Encore Performer Lady Tulips
Flowers that can stand the test of timeBy L.A. Jackson
Most hybrid tulips, while gorgeous, are fleeting flowers in North Carolina — planted in the fall, they are one-shot wonders that usually grace gardens for only a single spring. This is because, in our region, there are usually not enough winter days of extended cold to stimulate tulip bulbs into flowering spring after spring.
However, exceptions exist, and one particularly pretty example is the lady tulip (Tulipa clusiana), variously categorized as a species, botanical, heirloom or miscellaneous tulip. Although humble in height — about a foot tall — and with smallish flower heads, it can still be a real cutie in the spring garden. And a definite plus the lady tulip has over bigger, fancier hybrids is that, true to its temperate East Asian origins, it doesn’t need an extended winter chill to wake up its inner flower power spring after spring.
In short, with just a little care, lady tulips can become reliable repeat performers in the spring garden. If kept happy, they can even naturalize and spread by way of stolons or offsets.
Lady tulips love full sun, and they prefer neutral soil, which can be easily pH-balanced in acidic growing grounds with an annual light dusting of lime in the winter. Good drainage is essential, meaning these springtime dazzlers will perform well in raised beds, rock gardens and even containers.
If deer are a problem in your area, stay vigilant because they could munch on these pretties. Planting them close to the house can help keep Bambi at bay, and an early spring spraying of a commercial deer repellent will add an extra layer of protection.;
There are many lady tulip variations. For starters, “Lady Jane” is a charmer with its bicolor coat of outer red and inner white petals — an appealing look that is echoed by the similar, well-named “Peppermint Stick.”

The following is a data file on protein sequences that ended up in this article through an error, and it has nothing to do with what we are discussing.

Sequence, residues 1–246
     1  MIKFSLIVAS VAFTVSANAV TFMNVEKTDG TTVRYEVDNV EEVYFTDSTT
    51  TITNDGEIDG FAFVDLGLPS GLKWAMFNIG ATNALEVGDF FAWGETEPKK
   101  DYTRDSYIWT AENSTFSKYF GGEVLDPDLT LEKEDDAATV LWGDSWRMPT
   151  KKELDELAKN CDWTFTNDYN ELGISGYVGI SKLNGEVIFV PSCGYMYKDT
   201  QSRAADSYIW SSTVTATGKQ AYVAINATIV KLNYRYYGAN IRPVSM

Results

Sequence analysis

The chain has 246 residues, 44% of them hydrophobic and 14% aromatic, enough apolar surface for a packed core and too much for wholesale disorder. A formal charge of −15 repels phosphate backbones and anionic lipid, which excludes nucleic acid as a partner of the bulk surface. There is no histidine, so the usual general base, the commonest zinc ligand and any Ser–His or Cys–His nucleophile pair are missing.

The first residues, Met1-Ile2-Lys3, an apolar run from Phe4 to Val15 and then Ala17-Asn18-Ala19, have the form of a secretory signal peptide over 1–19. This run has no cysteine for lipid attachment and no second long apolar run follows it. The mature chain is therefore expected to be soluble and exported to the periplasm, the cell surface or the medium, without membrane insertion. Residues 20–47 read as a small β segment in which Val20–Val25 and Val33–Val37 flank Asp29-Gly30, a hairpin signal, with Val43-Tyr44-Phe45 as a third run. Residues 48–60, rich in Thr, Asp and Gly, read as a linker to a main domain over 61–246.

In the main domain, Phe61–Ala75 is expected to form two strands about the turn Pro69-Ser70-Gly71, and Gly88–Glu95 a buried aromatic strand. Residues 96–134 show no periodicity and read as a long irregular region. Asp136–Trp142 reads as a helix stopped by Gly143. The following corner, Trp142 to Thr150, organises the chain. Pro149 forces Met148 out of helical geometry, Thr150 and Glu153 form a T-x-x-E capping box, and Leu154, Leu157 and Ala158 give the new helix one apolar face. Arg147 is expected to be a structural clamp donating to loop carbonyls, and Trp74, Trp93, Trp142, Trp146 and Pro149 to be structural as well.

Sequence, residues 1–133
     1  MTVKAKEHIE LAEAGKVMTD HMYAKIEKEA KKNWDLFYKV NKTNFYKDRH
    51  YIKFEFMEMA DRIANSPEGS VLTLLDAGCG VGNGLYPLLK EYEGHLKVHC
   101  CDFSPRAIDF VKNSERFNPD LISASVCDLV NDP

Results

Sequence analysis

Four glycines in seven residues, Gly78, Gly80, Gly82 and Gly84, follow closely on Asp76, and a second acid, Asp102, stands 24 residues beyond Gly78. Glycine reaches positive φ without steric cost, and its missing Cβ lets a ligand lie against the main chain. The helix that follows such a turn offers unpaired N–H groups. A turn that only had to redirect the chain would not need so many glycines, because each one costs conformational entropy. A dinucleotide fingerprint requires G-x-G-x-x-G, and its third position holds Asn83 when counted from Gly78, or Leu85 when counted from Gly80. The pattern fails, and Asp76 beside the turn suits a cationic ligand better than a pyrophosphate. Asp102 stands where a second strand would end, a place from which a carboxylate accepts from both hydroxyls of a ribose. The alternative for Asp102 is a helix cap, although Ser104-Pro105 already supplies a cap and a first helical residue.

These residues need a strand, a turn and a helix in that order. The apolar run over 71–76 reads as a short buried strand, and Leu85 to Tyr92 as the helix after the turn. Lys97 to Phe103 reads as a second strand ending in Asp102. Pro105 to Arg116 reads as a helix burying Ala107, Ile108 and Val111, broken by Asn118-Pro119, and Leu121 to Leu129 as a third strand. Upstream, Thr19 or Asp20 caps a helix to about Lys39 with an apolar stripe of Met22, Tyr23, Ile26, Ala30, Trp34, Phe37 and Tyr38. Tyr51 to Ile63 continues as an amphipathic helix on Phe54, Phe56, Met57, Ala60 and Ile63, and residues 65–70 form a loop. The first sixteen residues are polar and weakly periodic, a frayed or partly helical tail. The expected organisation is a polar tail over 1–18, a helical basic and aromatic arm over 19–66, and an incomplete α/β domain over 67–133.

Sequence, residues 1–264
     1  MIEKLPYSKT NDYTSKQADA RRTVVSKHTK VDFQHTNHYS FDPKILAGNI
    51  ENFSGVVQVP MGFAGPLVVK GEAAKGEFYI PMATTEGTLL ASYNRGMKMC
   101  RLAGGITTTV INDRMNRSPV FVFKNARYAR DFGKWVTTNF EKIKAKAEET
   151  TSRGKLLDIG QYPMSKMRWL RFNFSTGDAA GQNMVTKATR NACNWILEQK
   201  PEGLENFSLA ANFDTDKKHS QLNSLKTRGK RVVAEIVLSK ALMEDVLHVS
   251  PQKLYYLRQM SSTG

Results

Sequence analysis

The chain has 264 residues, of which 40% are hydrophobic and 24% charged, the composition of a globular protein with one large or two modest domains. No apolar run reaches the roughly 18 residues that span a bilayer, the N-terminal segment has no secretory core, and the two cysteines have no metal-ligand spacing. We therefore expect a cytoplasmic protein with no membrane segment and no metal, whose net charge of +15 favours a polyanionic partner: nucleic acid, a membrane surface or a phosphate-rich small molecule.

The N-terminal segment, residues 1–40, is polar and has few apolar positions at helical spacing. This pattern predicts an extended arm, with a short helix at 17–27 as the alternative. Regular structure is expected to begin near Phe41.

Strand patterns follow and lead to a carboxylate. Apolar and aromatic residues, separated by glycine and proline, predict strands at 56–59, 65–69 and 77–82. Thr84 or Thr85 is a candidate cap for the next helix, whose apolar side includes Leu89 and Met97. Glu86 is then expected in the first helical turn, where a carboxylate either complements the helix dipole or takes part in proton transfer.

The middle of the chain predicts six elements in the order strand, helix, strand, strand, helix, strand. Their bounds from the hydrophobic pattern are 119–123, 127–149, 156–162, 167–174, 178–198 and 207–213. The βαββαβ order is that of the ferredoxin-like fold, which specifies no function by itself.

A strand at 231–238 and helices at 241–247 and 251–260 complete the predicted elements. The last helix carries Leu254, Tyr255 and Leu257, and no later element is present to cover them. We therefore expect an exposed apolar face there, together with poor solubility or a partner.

“Tinka” also has comparable colors, but it blushes more, having its rich red contrasted with a pale yellow. For a real zinger, go with the popular “Cynthia,” a sassy selection that combines stop sign red on the outside of the petals with taxi cab yellow on the inside.
Although an oddity, the lady tulip won’t be that hard to find. I have even spotted “Cynthia” at big-box garden shops in the early autumn. There are, of course, online avenues, and three good e-retailers to check are: Brent and Becky’s Bulbs, Terra Ceia Farms and John Scheepers, Inc.
Garden To-Do's for October
There are other species of tulips that, like the lady tulip, can settle into a southern garden and flower for many springs to come. Tulipa bakeri “Lilac Wonder,” with its pinkish petals surrounding simmering yellow flower centers, is a fairly common offering at garden centers in the fall. The bright yellow blooms of Tulipa sylvestris make this cutie worth considering, too, but while it is more of an online find, this European native is worth the hunt for history buffs because it was a garden favorite of Thomas Jefferson at his Monticello home.
- Vegetable plants that were afflicted with cucumber or tomato mosaic virus this growing season should be pulled up and tossed away —not composted. Also, these diseases can overwinter in perennial weeds, so do a fall cleanup in the veggie patch to remove these pesky plants as well to help prevent the reoccurrence of mosaic virus.
- Shrubs and small trees that need to be relocated can be transplanted now. Moving them in the fall will give their roots time to establish themselves before leaf growth starts next spring.
More October gardening tips